News: U.S. Labor Department reports 4.5 million Americans quit jobs in November

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U.S. Labor Department reports 4.5 million Americans quit jobs in November

All four regions in the U.S. reported a rise in quits and a decline in job openings.
U.S. Labor Department reports 4.5 million Americans quit jobs in November

A record number of 4.5 million Americans are reported to have voluntarily quit their jobs in November. This was a significant increase from the 4.2 million quits that was reported in October and was the most in two decades as per a report by the Labor Department. The numbers have been concentrated in front-line service-sectors and other low-wage sectors with higher health risks and less options available for work-from-home. It was led by the accommodation and food services industry with all four U.S. regions reporting a rise in the number of people leaving their jobs. 

The Omicron effect

Reports show that the worst of the turbulence was beginning to ease towards the end of 2021. Earlier data had shown more people returning to the labor force in November, and various measures of supply-chain pressures starting to ease. There was also a recorded increase in hiring. But that was before the explosion in coronavirus cases linked to the Omicron variant, which has forced airlines to cancel flights, businesses to delay return-to-office plans and school districts to return temporarily to remote learning.

On the last day of November, job-openings dropped to 10.6 million, with a 529,000 decline in the numbers. Large declines in job openings were reported in the accommodation and food services, construction and nondurable goods manufacturing industries.

According to the hiring data tracked by business payroll managers Homebase and UKG, employment dwindled down in December, coinciding with the record outbreak of the Omicron variant infections.

Data from both firms showed larger seasonal dips in 2021 as compared to the previous year with employment in Homebase's sample of smaller businesses falling around 15% in the last days of 2021 compared to a roughly 10% drop in 2020. UKG saw shift work across a variety of industries fall 1.7% in December versus a 0.3% decline in the same period in 2020 and a 0.8% drop in December 2019.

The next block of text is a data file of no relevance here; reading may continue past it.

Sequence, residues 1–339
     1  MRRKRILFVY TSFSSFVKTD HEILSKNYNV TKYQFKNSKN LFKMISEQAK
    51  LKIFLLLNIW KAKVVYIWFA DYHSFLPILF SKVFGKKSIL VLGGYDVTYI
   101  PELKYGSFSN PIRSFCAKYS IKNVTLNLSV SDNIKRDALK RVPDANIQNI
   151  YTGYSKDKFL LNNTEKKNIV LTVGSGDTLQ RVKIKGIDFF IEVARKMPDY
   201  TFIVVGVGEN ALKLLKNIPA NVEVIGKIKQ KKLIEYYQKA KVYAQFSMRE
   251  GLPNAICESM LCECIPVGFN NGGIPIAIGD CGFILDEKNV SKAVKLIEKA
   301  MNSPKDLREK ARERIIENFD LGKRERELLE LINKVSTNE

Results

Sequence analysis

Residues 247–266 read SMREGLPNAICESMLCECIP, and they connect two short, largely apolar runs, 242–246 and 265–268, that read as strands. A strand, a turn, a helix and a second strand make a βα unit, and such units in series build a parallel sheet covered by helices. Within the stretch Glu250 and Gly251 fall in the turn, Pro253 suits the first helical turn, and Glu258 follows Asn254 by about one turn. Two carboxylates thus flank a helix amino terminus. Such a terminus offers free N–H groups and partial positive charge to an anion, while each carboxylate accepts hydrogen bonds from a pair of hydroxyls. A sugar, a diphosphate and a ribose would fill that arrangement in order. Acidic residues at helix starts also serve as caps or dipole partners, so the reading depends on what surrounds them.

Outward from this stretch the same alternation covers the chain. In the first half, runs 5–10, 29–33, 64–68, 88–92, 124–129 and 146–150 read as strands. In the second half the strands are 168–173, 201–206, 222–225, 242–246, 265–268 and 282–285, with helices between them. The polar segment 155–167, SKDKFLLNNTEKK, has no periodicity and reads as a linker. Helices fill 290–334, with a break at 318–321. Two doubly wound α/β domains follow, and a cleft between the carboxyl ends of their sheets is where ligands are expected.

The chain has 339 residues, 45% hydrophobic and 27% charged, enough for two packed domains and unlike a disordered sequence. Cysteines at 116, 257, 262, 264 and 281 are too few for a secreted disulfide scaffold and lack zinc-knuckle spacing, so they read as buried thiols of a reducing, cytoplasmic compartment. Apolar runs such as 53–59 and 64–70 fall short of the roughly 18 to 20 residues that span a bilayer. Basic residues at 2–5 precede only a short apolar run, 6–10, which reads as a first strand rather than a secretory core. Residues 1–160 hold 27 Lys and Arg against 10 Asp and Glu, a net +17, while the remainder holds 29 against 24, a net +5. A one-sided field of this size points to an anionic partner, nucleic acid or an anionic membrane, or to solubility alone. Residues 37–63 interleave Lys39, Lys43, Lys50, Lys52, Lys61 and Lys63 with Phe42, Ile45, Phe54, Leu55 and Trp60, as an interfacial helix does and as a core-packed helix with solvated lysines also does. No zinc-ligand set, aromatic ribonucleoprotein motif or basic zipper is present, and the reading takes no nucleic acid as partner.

Forecasters are certain that the latest COVID-19 wave will prolong the economic uncertainty, though it is too soon to say how it will affect inflation, spending or the job market. Some analysts have already trimmed their economic growth forecasts for 2022 as a result of the latest turn in the pandemic.

So far the new variant has reported less fatalities and hospitalisations compared with earlier variants. Additional data on air travel through December did not show consumers racing to self-isolate.

Wage growth vs. Inflation 

The increase in quits is pushing the rate of wage growth in many sectors. By the end of November, there were more than 1.5 open jobs for each person who declared themselves unemployed, a number that forecasts a continued wage growth in the labour market as workers either quit for better conditions, higher pay, or to avoid getting sick. Economic Research Director for the Indeed Hiring Lab, Nick Burner predicted a continued wage growth into the new year saying, "Lots of quits means stronger worker bargaining power which will likely feed into strong wage gains.” 

However, the past year had seen a steady increase in the inflation rates and as per a survey conducted by Momentive for The New York Times, 9 in 10 Americans are “somewhat concerned” about inflation, and 6 in 10 said they were “very concerned.” Inflation is running at nearly three times its targeted rate of 2% a year. Hourly earnings for leisure and hospitality workers were up 12.3 percent in November, much faster than inflation. Workers in other low-wage service sectors are also seeing strong gains. However, this percentage is not enough to keep up with inflation rates or rise in price. 

According to government data, prices have risen faster than pay in recent months. Only 17 percent of workers say they have received raises that have kept up with inflation of the past year. Most of the rest say either that they have received raises that lagged price increases or that they have received no raise at all and 8 percent of respondents said they had taken a pay cut.

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Topics: Employee Engagement, Employee Relations

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